It is unlikely that this exceptional situation will change in the upcoming years. "How much longer will forest owners be willing to keep posting losses?" Montecuccoli poses the central question (see calculation).
He identifies indications: "Last year, capacities for logistics were scarce and the market for used forestry machinery was sold out. This year, both factors have relaxed. My conclusion is that many forest owners have already thrown in the towel and stopped processing damaged wood."
Montecuccoli shows understanding for this strategy. "Processing everything quickly causes losses and plenty of stress. If you don't do anything, at least the only thing you lose is the wood. Here, an administrative fine of €1000 that is hardly ever enforced is up against a loss of about €5/sm³ per 1000 sm³."
In these times, forest owners not only have to invest a lot of blood, sweat and tears to keep going, but also money. Montecuccoli calls them "genetic forest owners", counting himself among them; what he means by this is the ambition to leave your grandchildren a forest with high grade wood and timber, as well. Just like generations before did.
The forest is not dying, it is changing. What is dying, however, is forest economy as forests are becoming unprofitable.
There will be those that don't do anything anymore, and those that invest in forest conversions. For this kind of forest enthusiasm, however, you need a certain level of liquidity.
Since many, but by no means all forest owners think similarly, "more and more is left standing and less roundwood is on offer."
Montecuccoli is convinced that society needs to realize how important the forest is for solving future problems. "CO2 storage, forest functions, bioeconomy, ...". Therefore, he also considers forest preservation a task of the state. The Lower Austrian forest owner in any case expects state support. "Especially for small-scale forest owners, this is crucial. For them, a larger beetle-infestation eradicates half their assets. If another one follows, everything might be destroyed within two to three years. Then there will be no yield over the period of four decades, but damaged wood harvesting, reforestation and 40 years of second growth fostering must be paid for."
In the main damage areas, there are forest owners that hardly have any healthy trees left on areas the size of private hunting grounds (at least 115 hectares). "These are the ones that have lost the forest for at least one generation", Montecuccoli outlines the drastic extent of this situation. He sees two possibilities: "Leave everything to nature, or actively cultivate forests." The former inevitably leads to even higher hoofed game damages due to grazing possibilities. Furthermore, random wood species would emerge. The latter, as mentioned before, does not come for free.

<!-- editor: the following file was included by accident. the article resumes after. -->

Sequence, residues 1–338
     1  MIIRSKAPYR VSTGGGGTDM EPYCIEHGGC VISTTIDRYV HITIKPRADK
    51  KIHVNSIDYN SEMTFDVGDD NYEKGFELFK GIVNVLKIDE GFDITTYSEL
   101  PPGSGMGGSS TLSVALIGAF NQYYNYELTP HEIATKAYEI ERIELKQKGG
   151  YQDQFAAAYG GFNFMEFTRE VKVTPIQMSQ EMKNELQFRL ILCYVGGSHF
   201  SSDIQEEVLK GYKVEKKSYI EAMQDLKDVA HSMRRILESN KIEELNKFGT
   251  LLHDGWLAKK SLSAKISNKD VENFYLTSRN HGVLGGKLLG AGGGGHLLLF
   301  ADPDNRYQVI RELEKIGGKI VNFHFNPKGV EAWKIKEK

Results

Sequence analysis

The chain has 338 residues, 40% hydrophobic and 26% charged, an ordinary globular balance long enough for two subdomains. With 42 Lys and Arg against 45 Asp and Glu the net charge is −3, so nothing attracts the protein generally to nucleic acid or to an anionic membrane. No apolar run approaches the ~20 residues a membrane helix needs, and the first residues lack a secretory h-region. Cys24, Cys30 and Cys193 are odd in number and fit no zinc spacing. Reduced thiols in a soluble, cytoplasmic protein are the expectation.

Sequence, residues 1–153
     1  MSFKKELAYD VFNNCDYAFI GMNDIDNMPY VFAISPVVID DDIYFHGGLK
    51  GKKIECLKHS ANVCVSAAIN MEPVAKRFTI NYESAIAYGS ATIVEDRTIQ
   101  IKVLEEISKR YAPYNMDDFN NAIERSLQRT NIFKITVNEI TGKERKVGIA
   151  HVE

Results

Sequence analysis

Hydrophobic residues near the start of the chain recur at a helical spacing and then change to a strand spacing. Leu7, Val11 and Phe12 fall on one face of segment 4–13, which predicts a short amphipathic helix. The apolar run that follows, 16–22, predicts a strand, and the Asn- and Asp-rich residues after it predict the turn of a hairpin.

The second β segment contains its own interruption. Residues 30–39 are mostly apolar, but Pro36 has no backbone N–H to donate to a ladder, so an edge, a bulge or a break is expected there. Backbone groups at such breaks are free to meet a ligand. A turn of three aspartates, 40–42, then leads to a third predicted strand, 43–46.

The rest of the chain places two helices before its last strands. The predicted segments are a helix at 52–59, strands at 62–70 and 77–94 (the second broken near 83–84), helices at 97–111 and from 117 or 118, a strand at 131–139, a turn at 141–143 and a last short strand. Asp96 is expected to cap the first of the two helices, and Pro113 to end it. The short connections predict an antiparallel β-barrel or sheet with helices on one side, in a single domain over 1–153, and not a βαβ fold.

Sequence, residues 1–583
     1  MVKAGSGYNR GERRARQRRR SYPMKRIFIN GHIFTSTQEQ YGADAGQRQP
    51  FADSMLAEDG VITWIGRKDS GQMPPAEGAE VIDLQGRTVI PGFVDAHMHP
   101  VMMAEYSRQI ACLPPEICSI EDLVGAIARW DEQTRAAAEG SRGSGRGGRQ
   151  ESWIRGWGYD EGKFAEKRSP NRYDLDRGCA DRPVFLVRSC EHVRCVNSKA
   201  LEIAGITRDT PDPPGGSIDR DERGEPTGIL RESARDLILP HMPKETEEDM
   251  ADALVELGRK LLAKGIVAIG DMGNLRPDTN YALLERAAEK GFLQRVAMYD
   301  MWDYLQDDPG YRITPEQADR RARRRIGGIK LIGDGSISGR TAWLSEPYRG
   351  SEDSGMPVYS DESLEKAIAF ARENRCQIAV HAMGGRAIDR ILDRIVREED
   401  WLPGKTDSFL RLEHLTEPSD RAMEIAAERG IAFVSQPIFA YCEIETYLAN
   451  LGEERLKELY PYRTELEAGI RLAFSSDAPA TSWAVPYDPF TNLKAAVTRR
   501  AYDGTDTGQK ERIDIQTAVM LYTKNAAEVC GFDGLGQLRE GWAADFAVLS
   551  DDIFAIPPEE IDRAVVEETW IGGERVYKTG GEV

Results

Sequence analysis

"The roundwood price must at least match the level of the value of the raw material and not undercut it by half as it does now," is another one of Montecuccoli's demands. According to him, this threshold is €95/sm³ for green wood. This was the minimum price level before the bark-beetle disaster. "By November at the latest, this limit must be reached," he sets a time limit. "What also speaks for this demand is the fact that the roundwood price will be split. The quality of imported damaged wood is clearly deteriorating. A humid fall will do the rest. Green wood will therefore be in high demand."
"The industry must look ahead. If we do not reach a level that is sufficient for forest owners, sawyers won't have any spruce left to cut in the future. Then, forests will be filled with hazel, elder bushes and hornbeam. If wood is worth less than production costs, no one will produce anymore."
What's more: The longer it takes to make a decision, the higher costs for measures of population conversions become.
Even though the current price level in Central Europe is similar, general conditions are quite different. In Germany, Montecuccoli elaborates, the better bioenergy regulations make things easier. In Poland and Slovakia, investing state property is dominating. Czech Republic is facing the most challenging situation where "private owners - no matter their size - are running out of money."
Since the bark beetle rarely respects national borders Montecuccoli calls on the EU to get more involved. "Just like with the EU strategy for forest fire fighting where different states help each other, we need similar measures for the bark beetle," he explicates his wish. "It is a fact that Czech Republic has different ways of working than we do. In that case, neighboring countries are suffering." Currently, large-scale privately owned forests are tweaking the system wherever they can. "Restorations are postponed, as are staff replacements. Silvicultural measures that are actually much needed either remain undone completely or are postponed."
Montecuccoli, however, deems large-scale tweaking necessary: "Strengthening bioeconomy, increasing energy efficiency, Nawaros instead of petrochemistry, adapting lifestyles... all of these aspects speak in favor of wood: as construction material, basic material, and eventually fuel."
Another need of the hour is a research initiative that "goes far beyond spruce genetics". Furthermore, Montecuccoli advocates "continued active forest economy": The mood at the Austrofoma in Forchenstein that is about to start soon will be a good indicator in this respect.
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